FIX

Paul Wolff
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Never been a real fan of the 990, though I use two in a mic pre I make. It has way too much gain, the Tonelux op-amp is really sweet, my design of it limited the gain to 75 dB so it is really smooth, and is so stable that you don't even need compensation... The first open loop pole is at 10KHz, where the 990 is at something like 200Hz. don't get all hung up on "nano-turds per root canal". None of that shit makes any difference. Only the tone does. Old 2520 opamps have a slew rate of only 2.5V/usec. And they can be noisy, but they made half the records you hear. No one ever said "This song would have been a hit if that guy hadn't used 5532's on the mix bus"

One way of minimizing bus noise is to hit the bus harder from the channel, or do active balanced busses. Thats what I use on the FIX console. I hit the bus anywhere from 0 to +4, where -10 to -2 is the norm. That translates to easily 6 dB less noise. IF you are doing 8-14 channels, it's not really a problem. Like I said, don't get wrapped up with all the crap.
 

FIX

Paul Wolff
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But wait there's more...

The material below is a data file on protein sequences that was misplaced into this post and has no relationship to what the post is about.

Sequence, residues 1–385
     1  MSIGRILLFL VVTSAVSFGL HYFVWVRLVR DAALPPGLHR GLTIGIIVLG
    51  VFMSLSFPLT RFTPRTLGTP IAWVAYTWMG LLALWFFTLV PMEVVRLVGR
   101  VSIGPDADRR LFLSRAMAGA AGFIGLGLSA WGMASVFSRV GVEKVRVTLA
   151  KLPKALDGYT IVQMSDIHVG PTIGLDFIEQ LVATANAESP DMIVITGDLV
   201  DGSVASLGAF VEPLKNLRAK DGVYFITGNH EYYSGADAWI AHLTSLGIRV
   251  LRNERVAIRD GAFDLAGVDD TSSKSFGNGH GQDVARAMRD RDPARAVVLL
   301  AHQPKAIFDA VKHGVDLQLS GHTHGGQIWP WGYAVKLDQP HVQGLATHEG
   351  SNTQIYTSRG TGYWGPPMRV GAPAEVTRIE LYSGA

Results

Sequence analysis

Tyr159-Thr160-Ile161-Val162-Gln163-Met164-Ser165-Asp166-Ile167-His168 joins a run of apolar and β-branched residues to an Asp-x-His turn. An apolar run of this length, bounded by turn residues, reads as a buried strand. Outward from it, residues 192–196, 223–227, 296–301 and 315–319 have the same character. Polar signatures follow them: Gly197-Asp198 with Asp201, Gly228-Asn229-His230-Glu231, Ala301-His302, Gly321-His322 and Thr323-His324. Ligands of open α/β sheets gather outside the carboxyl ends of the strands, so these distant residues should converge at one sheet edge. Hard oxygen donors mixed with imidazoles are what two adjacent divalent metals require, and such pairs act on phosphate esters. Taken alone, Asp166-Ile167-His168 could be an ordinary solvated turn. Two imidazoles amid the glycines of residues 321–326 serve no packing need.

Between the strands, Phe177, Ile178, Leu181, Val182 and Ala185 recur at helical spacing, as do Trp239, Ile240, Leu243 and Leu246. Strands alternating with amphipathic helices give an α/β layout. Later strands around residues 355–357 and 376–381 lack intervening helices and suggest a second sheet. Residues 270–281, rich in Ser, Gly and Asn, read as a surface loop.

Like I said earlier, don't pick opamps based on noise or bandwidth, as the internal design of the opamp is more important, like the original 5524 was internally compensated to look good with a 10KHz square wave so they could advertise better slew rates. most of the OPA amps are nice inside, as is a TLO72, where a TLO82 is a completely different animal. Older 741s are also nice because they don't have a lot of gain and don't get away from you easily.

Train your ears, not your eyes.
 

abbey road d enfer

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If you want to stick to an IC, use a TL072.
In the summing amp? 18nV/sqrtHz!
Why not an uncompensated uA748?
They sound good.
Many opamps sound good, as long as they are in the proper circuit.
Otherwise for clarity, an OPA2134 is nice, but all of it is a waste of time, if you want to make a difference, you should use an old API 325 card, the op-amp and transformer will give you some flavor.
Flavour? You mean distortion?
 
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abbey road d enfer

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No one ever said "This song would have been a hit if that guy hadn't used 5532's on the mix bus"
That's the most threadbare argument used by ones who advocate tinkering vs. science/technology. Like the Godwin point of technical discussion.
One way of minimizing bus noise is to hit the bus harder from the channel, or do active balanced busses. Thats what I use on the FIX console. I hit the bus anywhere from 0 to +4, where -10 to -2 is the norm. That translates to easily 6 dB less noise.
But why do you care? You just said it's wasted time.
IF you are doing 8-14 channels, it's not really a problem.
The subject is 1600/800B, which came in minimum 24 channel.